In the efforts of Governor Bello Matawalle’s administration to rebuild the State's economy and provide abundant opportunities for teeming populace of Zamfara State, the administration signed an agreement with Africa Export-Import Bank for an investment of $1 billion into the State's economy. The agreement covers areas including construction of a cargo airport, hotels, establishment of textiles, ginneries, and rehabilitation of rail lines. Gladly, some of these projects, like the airport and hotels, have already started and the remaining would commence in the coming months insha Allah.

Despite the enormous potentials of our State in agriculture and solid minerals, we are still grappling with the challenge of adequately harnessing and transforming these sectors in tune with our development needs. Agriculture, which is the primary activity of the people, has largely remained for self-subsistence, and the technique of production is primarily crude and premodern. Equally, the mining sector is dominated by the activities of artisanal miners who also rely on crude tools for mineral exploration. It was this practice that accounted for the lead poisoning disaster, which was discovered in 2010.

Also in the effort of the administration to explore the state’s mining potentials, Governor Matawalle embarked on contacts within and outside the country to attract investment of foreign capital into the sector. He visited the United Nations during its 2019 General Assembly, where he met with some potential investors at the sidelines of the meeting, who are willing to invest in Zamfara State. He also attended a conference in Sochi, Russia, where many investors have equally expressed their willingness to invest in Zamfara State. He also visited China, where he participated in the Forum on Mining Development Policy and Regulation Research. During the forum, many investors signalled their readiness to invest in Zamfara State's mining sector.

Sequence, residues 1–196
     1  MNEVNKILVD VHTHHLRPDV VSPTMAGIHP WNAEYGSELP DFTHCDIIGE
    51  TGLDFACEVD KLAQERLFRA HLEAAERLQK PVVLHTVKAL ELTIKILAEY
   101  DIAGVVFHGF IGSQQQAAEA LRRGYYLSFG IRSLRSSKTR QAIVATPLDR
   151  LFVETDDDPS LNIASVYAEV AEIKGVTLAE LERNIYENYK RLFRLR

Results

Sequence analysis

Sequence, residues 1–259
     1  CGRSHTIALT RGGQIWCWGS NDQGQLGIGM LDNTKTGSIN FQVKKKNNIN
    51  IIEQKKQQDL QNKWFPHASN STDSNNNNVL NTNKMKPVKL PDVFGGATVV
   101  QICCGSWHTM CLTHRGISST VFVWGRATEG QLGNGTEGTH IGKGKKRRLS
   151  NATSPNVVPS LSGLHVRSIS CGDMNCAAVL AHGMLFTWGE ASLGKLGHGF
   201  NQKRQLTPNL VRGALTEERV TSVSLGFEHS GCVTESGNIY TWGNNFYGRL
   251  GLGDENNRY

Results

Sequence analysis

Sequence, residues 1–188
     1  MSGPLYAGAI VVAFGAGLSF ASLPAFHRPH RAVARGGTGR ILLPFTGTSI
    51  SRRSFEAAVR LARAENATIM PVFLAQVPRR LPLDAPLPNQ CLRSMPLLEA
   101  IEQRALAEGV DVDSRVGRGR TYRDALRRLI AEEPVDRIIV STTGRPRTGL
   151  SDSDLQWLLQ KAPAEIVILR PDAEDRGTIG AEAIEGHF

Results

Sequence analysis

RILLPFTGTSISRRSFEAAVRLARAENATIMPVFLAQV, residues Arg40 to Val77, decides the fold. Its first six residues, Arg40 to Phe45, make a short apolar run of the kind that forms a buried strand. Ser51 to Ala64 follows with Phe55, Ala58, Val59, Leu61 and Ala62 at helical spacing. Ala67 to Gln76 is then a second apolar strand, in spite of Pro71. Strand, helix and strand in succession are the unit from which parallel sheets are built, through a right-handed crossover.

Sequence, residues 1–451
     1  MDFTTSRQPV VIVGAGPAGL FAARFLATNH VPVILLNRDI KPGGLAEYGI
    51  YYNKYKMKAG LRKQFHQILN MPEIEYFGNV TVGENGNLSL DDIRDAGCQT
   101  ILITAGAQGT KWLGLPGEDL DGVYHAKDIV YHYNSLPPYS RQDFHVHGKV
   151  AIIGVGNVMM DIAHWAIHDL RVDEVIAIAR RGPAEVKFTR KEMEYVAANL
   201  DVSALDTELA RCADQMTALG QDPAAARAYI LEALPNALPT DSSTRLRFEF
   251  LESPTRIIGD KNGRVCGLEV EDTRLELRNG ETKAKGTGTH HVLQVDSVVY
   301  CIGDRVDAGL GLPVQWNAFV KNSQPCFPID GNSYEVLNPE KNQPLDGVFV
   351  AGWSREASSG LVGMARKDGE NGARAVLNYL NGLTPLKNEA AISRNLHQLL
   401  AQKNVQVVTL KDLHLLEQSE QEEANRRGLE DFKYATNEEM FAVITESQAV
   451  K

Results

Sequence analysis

Consequently, the governor met Mr President and made a case for the lifting of the ban on mining so as to allow the prospective investors have the opportunity to invest in the State and complement the efforts to diversify the nation's economy. Already, the Federal Ministry of Mines and Steel Development has begun preparations to issue Small-scale and Artisanal Mining Licenses to 70,000 artisanal miners across the State, as a definite step to formalise their activities. Similarly, plans are under way to establish a centre for buying and disposal of gold commodity in Gusau. The centre would provide both gold buyers and merchants the opportunity to interact based on the laid down rules as contained in the Nigeria Minerals and Mining Act as well as the Mining Regulations.

As agriculture remains the mainstay of Zamfara State's economy, the government is making efforts to transform it by making it an all-year-round activity that goes beyond meeting the subsistence needs of the farmers. Within the first 100 days of Bello Matawalle’s administration, the Zamfara State Fertilizer Blending Plant, which was not operational for many years, was resuscitated. Under cotton development programme, the administration has also dedicated 100,000 hectares for cotton cultivation to associations of cotton farmers, and 10,000 hectares to a private company that has agreed to invest in cotton production in the State. Similarly, arrangements are in the final stage to engage 35,000 cotton farmers under the CBN funded Anchor Borrower Programme.

As part of the efforts to prop up the economy of the state and guarantee the economic and social wellbeing of the people now and in the future, Governor Bello Matawalle’s administration established Zamfara Gold Reserve, the first of its kind by any state in the federation.

At the launch of the reserve in October 2020, the governor announced that the state has purchased 31 kilogrammes of gold, wholly mined and refined by our artisanal miners for a start.